Addiction – Seen From the Eyes of an Emergency Room Doctor


It is no secret that alcohol, drug and substance abuse is alarmingly common in Carbon and Emery counties. According to Castleview Hospital Emergency Room Doctor Travis Engar, local physicians encounter patients who suffer from addiction on a daily basis.

Although the figure is not documented, Dr. Engar estimates 7% of chronic illnesses seen in the local emergency room are related purely to addiction. “Mostly, it is prescription medication abuse that we see here,” Dr. Engar explained. “Patients will come in with complaints of uncontrolled pain. Many of these patients have already been prescribed pain medication from other doctors, but they come in seeking more in the ER. This is the most common addiction we see.”

However, this is not the only addiction that emergency room doctors treat at Castleview Hospital. “We see a lot of methamphetamine cases come through,” Dr. Engar stated. “We also have a fair amount of heroin related visits. Right now, heroin is cheap and its use has increased.”

A relatively new drug hitting the streets is called krokodil (pronounced crocodile). Recently, two cases have been confirmed in northern Utah. The drug is known to cause a gangrene infection in its final stages. Users who binge on krokodil experience massive damage to skin and muscle tissue. Essentially, it is a flesh-eating drug.

The recent confirmation of krokodil in Utah has many local residents worried. However, Dr. Engar confirmed that there have been no emergency room visits related to this drug at Castleveiw Hospital. “It’s a fad, similar to spice that we saw a few years ago,” he explained. “Hopefully, the drug doesn’t make its way to the area. It’s like shooting Kerosene straight into your vein. It just goes to show the power of addiction.” He added that Krokodil is often made using gasoline and users of the drug have a life expectancy of two years.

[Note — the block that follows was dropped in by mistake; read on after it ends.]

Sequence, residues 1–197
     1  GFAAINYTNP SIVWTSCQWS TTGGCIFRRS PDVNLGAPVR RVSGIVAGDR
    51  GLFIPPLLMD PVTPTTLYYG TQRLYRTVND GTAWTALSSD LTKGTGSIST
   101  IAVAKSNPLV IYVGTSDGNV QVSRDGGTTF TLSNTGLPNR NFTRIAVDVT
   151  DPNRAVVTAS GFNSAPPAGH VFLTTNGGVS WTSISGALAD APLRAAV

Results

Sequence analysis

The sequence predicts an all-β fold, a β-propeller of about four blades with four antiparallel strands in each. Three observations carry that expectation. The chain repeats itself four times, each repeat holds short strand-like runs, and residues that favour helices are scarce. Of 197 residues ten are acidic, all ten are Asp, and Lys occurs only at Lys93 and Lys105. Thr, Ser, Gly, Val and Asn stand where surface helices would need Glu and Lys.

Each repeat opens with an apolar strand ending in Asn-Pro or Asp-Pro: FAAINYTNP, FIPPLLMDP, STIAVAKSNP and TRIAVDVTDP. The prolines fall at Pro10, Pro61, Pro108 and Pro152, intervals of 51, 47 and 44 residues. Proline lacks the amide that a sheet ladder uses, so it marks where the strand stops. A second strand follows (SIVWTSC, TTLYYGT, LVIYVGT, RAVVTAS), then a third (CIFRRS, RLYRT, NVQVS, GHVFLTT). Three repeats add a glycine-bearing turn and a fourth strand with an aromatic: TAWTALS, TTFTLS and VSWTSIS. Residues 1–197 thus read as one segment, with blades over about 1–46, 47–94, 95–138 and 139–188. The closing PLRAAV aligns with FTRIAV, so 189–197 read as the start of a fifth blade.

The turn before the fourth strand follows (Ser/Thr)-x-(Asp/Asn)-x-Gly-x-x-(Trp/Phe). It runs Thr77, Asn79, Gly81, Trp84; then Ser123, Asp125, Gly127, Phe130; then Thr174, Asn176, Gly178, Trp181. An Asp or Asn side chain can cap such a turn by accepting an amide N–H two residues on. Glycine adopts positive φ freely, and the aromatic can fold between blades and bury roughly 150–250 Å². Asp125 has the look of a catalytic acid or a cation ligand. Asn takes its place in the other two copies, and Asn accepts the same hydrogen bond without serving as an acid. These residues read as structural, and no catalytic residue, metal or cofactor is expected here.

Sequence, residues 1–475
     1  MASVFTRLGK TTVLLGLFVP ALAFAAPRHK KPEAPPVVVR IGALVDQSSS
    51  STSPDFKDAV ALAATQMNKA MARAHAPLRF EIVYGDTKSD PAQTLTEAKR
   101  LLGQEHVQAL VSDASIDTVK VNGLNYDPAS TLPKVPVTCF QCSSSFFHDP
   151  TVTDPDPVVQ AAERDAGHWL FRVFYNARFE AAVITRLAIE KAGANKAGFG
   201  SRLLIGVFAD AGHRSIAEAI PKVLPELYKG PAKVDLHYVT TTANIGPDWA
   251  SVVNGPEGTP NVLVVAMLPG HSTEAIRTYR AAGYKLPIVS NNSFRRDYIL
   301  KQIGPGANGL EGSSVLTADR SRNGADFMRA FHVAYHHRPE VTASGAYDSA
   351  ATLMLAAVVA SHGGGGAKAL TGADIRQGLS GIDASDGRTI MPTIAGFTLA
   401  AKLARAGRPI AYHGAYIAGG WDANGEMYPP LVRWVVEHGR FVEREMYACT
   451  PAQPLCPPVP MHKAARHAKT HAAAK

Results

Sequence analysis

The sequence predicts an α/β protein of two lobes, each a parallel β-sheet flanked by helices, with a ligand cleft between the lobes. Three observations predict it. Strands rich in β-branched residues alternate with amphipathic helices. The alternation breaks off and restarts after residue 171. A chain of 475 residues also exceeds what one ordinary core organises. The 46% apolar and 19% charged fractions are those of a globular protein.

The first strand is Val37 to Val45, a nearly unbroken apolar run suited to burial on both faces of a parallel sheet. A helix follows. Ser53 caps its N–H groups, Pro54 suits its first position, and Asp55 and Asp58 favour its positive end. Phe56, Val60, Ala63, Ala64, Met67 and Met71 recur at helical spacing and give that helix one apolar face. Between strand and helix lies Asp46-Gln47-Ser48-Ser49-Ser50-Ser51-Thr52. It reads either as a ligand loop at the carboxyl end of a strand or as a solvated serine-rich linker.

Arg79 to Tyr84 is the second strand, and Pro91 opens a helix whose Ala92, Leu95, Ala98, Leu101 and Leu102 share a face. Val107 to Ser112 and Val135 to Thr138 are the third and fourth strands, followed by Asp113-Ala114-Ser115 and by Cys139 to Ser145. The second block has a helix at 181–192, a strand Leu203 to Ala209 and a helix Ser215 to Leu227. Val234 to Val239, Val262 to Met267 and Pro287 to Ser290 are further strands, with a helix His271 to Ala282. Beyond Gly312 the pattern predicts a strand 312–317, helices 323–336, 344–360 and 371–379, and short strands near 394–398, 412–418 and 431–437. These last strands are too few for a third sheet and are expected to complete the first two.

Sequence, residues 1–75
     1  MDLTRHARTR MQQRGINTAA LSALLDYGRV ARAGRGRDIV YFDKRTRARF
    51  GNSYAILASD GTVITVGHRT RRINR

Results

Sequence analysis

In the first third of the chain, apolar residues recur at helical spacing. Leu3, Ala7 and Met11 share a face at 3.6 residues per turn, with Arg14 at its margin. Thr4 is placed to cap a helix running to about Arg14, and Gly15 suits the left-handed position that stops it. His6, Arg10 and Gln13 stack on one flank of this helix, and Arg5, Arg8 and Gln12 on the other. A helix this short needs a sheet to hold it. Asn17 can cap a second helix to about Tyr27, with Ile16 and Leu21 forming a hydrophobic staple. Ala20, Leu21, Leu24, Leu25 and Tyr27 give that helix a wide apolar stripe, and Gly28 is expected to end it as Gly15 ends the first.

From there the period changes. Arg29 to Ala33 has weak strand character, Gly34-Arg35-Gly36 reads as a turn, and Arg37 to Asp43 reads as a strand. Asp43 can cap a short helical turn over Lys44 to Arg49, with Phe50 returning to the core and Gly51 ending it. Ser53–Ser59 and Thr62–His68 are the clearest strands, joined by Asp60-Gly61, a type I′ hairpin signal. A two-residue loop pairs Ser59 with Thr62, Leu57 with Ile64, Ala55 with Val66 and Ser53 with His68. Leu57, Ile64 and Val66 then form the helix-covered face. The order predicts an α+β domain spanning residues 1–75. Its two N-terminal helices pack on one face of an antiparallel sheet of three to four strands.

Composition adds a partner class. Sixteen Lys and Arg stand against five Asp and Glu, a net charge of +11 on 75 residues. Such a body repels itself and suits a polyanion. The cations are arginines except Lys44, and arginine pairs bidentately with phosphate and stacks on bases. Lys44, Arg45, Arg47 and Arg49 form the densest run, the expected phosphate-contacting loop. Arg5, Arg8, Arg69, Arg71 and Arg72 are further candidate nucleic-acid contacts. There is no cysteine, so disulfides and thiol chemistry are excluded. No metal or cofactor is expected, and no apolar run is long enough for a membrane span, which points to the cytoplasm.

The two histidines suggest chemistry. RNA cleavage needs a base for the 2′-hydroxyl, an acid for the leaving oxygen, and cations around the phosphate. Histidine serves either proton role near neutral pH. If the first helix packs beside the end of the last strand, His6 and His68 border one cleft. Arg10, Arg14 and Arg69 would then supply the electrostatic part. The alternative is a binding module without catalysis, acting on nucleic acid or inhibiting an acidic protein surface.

According to Dr. Engar, pill popping parties have become quite common among local youth. “Kids are grabbing handfuls of pills from their medicine cabinets and taking them to parties,” explained the ER doctor. “Most of the time, the kids don’t even know what kind of pills they are consuming. It could be as simple as taking a few of grandma’s heart pills and that could be the end.”

Dr. Engar explained specific signs for parents to look for that may indicate a child is using drugs. These signs include: dropping grades, decreased interest in personal hobbies and interests, association with a new group of friends and increased despondency. “Parents who say my kid would never do that, still need to be on alert,” Dr. Engar warned. “Unfortunately, there are many good kids that get involved with these type of drugs because of curiosity and peer pressure.”

The emergency room doctor also explained that the current cycle of addiction tends to be generational. “Parents who do drugs tend to have kids that do drugs,” Dr. Engar stated. “It’s a generational thing. Parents are passing down their habits to their children.”

Adults are at the front line of prevention. Parents should lead by example and remained informed about their children’s activities and friends.

According to Dr. Engar, education also needs to play a key roll in preventing addiction. “Education needs to start at the junior high level. Actually, the fifth and sixth grade levels,” he said. “If we wait until high school to educate students about addiction, then it’s too late.”

The old adage, “it takes a village to raise a child,” applies to addiction prevention. In this case, it will take a community. Both Carbon and Emery counties need to work together to lower the number of drug related crimes, emergency room visits and even deaths that occur due to some form of addiction.

scroll to top